Business English with a horsey twist.

Ever wondered how horse-related phrases could relate to the business world?

Well, wonder no more!

Just like skilled equestrians, navigating the terrain of entrepreneurship and professional life requires finesse, patience, and sometimes, a bit of horse sense. As an ESL teacher I understand the importance of blending fun with practicality in language learning. So, let's saddle up and explore the world of business English through the lens of equine idioms.

Essential Business Tips with a horsey twist 

In the wild world of business, we often need to gear up for challenges just like getting ready to ride a horse. Before rushing into decisions, take a breath, check things out, and hold your horses.

When it's time to get serious, rein in the horsing around and saddle up for hard work.

It's important to stay humble and listen to others' ideas. So, get off your high horse and join the team.

In business, it's not just about facts and figures. Having a good gut feeling or horse sense can be just as important. Trust your instincts!

And when things start getting crazy, remember to rein in your excitement. Stay on track and keep things in check.

Lastly, giving yourself and others a little freedom to do things their own way can lead to great ideas and results. So, give them a little free rein and see what happens.


Saddle up /sádəl ə́p/, /ˈsædəl ʌp/  

To prepare to ride a horse. It’s often used metaphorically to mean preparing for a task or adventure.


  1. We have a big presentation tomorrow, so let's saddle up and prepare the slides.
  2. We need to saddle up and get this project finished by the end of the week.
  3. We've identified a gap in our product line; now it's time to saddle up and brainstorm ideas for new product development.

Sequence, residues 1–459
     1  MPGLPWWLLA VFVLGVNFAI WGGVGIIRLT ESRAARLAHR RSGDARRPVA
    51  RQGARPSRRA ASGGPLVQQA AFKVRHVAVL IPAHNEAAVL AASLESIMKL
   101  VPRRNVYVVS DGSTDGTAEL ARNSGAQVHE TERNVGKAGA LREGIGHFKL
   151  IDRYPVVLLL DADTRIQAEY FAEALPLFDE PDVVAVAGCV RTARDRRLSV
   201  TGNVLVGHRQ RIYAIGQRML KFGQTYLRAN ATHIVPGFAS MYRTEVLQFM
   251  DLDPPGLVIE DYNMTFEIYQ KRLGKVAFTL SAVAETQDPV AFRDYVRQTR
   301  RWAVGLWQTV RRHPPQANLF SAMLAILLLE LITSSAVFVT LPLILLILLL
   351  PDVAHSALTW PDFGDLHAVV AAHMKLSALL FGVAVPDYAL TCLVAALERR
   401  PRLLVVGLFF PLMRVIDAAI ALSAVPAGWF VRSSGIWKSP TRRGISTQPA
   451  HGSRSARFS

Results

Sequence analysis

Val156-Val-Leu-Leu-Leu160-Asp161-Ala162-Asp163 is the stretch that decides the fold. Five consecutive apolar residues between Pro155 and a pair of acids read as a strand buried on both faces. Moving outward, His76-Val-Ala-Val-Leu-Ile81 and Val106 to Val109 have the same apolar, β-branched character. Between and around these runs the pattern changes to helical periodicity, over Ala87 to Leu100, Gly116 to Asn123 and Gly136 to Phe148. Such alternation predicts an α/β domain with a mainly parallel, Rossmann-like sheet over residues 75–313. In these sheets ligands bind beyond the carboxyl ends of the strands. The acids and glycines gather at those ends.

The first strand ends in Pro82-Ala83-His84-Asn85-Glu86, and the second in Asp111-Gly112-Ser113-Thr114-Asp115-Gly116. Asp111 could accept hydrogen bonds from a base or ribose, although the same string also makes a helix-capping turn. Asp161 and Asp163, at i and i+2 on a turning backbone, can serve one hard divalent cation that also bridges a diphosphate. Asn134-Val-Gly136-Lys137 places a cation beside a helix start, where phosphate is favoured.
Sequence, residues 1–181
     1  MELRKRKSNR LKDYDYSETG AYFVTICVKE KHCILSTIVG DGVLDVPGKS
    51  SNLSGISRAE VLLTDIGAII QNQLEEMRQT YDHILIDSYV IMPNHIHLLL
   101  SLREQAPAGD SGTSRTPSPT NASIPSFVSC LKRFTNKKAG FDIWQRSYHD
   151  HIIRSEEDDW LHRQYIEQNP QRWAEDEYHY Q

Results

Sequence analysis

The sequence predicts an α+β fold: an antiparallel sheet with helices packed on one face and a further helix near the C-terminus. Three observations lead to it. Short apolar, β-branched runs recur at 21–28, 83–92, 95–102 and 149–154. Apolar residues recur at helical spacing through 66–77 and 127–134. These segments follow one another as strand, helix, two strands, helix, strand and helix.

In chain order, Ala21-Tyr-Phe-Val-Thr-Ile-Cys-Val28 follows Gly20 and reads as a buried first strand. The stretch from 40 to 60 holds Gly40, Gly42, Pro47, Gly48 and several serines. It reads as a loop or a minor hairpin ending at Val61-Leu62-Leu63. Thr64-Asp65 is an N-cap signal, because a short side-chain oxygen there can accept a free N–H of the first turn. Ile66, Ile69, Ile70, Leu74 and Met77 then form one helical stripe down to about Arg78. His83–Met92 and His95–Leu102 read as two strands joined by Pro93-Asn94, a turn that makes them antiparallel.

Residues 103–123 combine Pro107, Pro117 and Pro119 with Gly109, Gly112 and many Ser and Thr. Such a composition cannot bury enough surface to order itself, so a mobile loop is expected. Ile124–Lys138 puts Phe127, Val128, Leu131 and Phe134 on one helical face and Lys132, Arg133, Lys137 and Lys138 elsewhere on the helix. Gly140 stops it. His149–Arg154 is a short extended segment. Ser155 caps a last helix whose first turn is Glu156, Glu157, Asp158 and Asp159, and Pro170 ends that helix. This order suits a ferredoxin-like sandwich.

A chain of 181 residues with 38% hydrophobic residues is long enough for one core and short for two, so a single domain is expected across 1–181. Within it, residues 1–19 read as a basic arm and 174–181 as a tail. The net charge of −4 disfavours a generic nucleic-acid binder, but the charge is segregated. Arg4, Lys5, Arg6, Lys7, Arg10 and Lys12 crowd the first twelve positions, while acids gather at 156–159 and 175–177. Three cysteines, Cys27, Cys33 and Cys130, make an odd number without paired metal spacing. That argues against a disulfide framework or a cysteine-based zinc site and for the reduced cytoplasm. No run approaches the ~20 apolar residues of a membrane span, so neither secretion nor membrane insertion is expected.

Hold your horses /hə́wld jóː hóːsɪz/ , /həʊld jɔː ˈhɔːsɪz/

An idiom meaning to be patient or wait.

  1. Hold your horses! We need to review the financial projections before making any decisions.
  2. Before we rush into this decision, let's take a moment to assess all the implications. Hold your horses, we need to ensure we're making the right move. 
  3. Hold your horses! Let me finish explaining before you interrupt.

Horsing around /hóːsɪŋ əráwnd/, /hɔːsɪŋ əˈraʊnd/

Acting silly or behaving playfully, often in a physical manner.


  1. This is a professional meeting, so there's no time for horsing around. Let's focus on the agenda. 
  2. We can't afford to waste time horsing around in meetings. We must stay focused and address the key issues.
  3. The interns were horsing around in the office, disrupting the workflow and distracting other employees.

Get off your high horse /gɛ́t ɔ́f jóː hɑ́j hóːs/, /get ɒf jɔː haɪ hɔːs/

An idiom meaning to stop acting superior or arrogant.


  1. She needs to get off her high horse and listen to other people's opinions.
  2. The manager needs to get off his high horse and recognise the valuable contributions of his team members.
  3. Instead of micromanaging every detail, the supervisor should get off his high horse and trust his team to deliver results.

Horse sense /hóːs sɛ́ns/, /hɔːs sens/ 

Practical wisdom or common sense.


  1. Having horse sense in business means being able to make practical decisions based on experience and intuition rather than solely relying on data.
  2. He might not have a fancy education, but he's got a lot of horse sense.
  3. Developing your horse sense in business requires a combination of practical experience, observation, and willingness to learn from both successes and failures.

Rein in /rɛ́jn ɪ́n/,/reɪn ɪn/ 

To control or limit something, often used metaphorically.


  1. We need to rein in our expenses to stay within the budget for this quarter.
  2. In response to customer feedback, the company is taking steps to rein in its product development cycle and prioritise features with the highest demand. 
  3. As the project scope expands, it's essential to rein in any unnecessary features to ensure timely delivery and avoid scope creep. 

Free rain /frɪ́j rɛ́jn/, /friː reɪn/

Free rain means giving someone total freedom or control.


  1. Our company's flexible work policy gives employees free rein to manage their schedules and work remotely when needed.
  2. The project manager was given free rein to lead the initiative, empowering them to make critical decisions and drive results.


Hope these tips help you navigate the business world with confidence. Happy riding:)

Thanks, Magda 

Are there any other horse-related words or expressions you're familiar with? Feel free to share them!

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